West Texas Intermediate Price
Price of West Texas Intermediate, dollars per barrel, monthly, Jan 1994 to Dec 2011. Vertical line at August 2004 and horizontal line at $28/barrel. Data source: FRED.


Moving along through the President's list of alternatives in the first quote above, what about a release from strategic stockpiles? This may well happen, but it's obviously only a temporary stopgap. I'm therefore inferring that Plan A is the embargo successfully shuts down Iranian exports, the world gets by for a short while on releases of strategic reserves, the Iranians cry "uncle" within a few months, and President Obama enjoys a great diplomatic success.

I guess my only question is what does Plan B look like?

By. James Hamilton

Reproduced from Econbrowser




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  • Philip Andrews on April 06 2012 said:
    I couldn't agree with you more. Especially in these turbulent times in the ME we can't just replace Iranian oil at the drop of a hat. The whole sanctions things is riddled with holes because it coulkdn't be happening at aworse time for EVERYONE incl the USA.

    We need to be stabilising oil supply and demand and trying to get that damn price down. Why should the world economy suffer fro senseless oil importation restrictions just because Israel and the US Zionist lobby are getting paranoid about Iran?

    Iran hasn't actually done anything to warrant this response that Pakistan and Israel haven't already done. After all it was Pakistan that was training Iranian nuclear scientists in the 1980s.

    And Iran is not going to shut down the Straits either. Unlike the West Iran isn't so stupid as to cut its nose to spite its face. Their strength is strategic psychology and they are brilliant at it. The Iranians project strategi psychology that works, while the west by contrast produces pointless military expeditions and reams of 'think-tank' analyses that go nowhere.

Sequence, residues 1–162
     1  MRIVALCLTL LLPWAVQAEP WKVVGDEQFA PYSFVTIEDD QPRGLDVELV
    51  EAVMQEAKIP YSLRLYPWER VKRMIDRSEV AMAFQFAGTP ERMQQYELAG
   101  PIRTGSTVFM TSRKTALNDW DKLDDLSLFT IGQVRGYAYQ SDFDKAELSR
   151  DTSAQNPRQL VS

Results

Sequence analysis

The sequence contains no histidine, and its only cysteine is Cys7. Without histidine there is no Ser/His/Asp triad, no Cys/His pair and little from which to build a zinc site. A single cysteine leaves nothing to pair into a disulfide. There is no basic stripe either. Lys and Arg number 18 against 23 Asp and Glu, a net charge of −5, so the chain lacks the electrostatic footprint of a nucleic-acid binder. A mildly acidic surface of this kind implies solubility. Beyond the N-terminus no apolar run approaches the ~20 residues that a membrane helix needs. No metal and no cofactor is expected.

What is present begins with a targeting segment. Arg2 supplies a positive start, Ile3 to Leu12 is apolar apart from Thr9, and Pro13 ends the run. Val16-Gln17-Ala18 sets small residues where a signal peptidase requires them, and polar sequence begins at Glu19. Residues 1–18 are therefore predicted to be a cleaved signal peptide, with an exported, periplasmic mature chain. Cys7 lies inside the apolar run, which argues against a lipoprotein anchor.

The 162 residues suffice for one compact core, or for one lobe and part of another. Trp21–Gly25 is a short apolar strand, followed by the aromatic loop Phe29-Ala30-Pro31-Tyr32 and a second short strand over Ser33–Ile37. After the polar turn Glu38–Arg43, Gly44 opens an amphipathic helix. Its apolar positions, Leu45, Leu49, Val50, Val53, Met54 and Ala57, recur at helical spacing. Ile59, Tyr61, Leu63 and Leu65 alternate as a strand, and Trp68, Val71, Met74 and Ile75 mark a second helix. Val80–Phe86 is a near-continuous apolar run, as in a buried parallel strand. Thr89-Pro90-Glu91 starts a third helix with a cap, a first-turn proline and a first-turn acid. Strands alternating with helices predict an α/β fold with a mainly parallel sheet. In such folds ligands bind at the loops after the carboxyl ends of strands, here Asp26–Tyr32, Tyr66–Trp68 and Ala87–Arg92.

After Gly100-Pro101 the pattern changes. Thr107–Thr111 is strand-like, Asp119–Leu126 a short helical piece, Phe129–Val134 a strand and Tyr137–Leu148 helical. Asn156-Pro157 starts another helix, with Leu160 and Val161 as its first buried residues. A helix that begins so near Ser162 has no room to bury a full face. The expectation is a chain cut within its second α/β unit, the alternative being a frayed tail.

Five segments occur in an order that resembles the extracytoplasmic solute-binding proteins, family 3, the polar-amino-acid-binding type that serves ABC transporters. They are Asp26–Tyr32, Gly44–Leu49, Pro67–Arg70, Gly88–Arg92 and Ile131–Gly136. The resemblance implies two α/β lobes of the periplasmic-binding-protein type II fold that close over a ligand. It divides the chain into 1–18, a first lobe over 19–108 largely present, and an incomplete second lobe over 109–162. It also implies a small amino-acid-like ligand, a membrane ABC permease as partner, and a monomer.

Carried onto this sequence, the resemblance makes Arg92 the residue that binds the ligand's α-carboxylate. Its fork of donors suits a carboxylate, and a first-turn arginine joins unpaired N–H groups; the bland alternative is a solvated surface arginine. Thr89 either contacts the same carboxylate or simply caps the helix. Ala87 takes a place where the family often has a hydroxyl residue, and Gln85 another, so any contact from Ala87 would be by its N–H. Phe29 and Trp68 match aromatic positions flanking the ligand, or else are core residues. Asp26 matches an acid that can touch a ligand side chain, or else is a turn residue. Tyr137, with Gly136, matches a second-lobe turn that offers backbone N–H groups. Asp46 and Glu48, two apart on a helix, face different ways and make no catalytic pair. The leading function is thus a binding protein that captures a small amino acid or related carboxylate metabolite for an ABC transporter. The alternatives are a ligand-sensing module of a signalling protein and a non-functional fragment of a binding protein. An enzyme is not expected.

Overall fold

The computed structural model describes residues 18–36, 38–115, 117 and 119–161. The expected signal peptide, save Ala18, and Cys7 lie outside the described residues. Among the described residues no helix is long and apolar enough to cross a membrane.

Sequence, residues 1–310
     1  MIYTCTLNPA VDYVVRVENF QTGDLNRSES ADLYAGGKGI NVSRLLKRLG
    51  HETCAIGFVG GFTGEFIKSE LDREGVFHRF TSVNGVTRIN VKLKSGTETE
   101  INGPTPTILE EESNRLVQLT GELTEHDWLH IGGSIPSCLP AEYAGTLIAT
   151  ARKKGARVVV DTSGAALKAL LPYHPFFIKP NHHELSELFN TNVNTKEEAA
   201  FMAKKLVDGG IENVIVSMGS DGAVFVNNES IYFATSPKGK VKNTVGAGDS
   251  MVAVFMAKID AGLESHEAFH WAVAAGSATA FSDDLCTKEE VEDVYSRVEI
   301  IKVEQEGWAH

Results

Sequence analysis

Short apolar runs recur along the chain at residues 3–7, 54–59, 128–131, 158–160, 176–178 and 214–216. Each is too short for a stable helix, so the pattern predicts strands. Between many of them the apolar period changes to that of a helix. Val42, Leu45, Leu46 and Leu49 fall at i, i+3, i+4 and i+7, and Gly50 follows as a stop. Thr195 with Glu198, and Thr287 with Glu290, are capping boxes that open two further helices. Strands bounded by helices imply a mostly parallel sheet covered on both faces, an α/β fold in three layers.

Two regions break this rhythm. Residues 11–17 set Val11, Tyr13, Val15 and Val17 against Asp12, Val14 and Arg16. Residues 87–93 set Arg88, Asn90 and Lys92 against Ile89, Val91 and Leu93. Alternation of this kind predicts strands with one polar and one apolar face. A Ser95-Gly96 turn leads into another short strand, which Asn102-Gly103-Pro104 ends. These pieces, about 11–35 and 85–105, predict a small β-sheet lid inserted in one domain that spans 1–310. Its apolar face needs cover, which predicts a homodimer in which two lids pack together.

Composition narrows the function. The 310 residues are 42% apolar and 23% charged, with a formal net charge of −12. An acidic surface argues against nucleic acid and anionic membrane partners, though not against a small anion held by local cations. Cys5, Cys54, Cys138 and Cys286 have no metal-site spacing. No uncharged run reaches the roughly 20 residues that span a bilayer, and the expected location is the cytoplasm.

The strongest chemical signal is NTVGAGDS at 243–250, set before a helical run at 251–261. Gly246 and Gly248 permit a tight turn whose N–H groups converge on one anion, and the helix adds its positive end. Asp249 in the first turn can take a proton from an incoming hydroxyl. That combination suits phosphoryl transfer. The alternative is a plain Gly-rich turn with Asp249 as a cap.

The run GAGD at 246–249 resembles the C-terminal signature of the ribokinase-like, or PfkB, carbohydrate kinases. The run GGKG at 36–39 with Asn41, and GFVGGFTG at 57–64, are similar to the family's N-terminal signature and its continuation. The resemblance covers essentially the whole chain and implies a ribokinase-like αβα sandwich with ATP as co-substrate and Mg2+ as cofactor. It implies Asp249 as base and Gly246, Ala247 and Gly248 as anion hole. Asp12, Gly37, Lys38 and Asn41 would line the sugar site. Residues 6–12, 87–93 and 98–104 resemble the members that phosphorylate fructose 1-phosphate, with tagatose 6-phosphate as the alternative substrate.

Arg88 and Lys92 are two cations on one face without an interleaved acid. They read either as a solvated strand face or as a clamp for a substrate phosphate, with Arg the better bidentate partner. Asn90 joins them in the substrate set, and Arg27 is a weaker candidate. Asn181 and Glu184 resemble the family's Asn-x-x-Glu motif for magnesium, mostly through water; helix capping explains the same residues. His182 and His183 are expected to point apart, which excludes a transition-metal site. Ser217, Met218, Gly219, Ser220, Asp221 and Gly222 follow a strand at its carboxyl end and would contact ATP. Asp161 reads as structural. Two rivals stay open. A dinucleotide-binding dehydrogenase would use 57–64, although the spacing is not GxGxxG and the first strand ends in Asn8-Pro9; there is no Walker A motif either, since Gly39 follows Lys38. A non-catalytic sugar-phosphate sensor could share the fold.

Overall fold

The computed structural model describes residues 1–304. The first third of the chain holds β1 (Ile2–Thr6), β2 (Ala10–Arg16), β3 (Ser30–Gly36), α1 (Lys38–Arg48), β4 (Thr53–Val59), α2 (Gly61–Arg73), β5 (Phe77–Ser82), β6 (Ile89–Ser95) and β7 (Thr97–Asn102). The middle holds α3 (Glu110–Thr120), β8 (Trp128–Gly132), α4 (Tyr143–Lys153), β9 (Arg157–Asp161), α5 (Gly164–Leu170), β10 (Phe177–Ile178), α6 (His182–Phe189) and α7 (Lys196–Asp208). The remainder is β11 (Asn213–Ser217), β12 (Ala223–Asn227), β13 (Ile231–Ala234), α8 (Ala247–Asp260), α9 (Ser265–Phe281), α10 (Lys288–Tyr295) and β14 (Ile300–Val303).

Why don't we just come to terms, seek an understanding, an accomodation with Iran and stop all this damned foolishness? Accept their (historically) dominant place in the ME(Arabs have been 'powerful' on the West's coattails for less than 100 years). We'd all be much better off that way.
  • Dave Kimble on April 06 2012 said:
    Good article.

    No one expects Iranian oil sanctions to be 100% effective - China, India, Japan, South Korea and Turkey are too dependent on Iranian oil for that. So it ought to be possible to work out the net gains and losses of other oil exporting countries, and the potential Saudi increase, and see at what percentage of sanctions effectiveness the world market supply falls below demand.

    I would very much like to see your calculations on that.

    NYTimes has said that 'sources' indicate that the US administration will look the other way while Chinese non-US-trading banks continue the financing of Iranian oil transactions. Probably the same will happen with India and Turkey, while Japan and South Korea have already done enough, apparently, to get an exemption.

    So the sanctions will only operate up to the point that they hurt, and then they will stop.
  • Kinghavest on April 07 2012 said:
    A better and more accurate headline might be What Happens if the US Doesn't Back Down?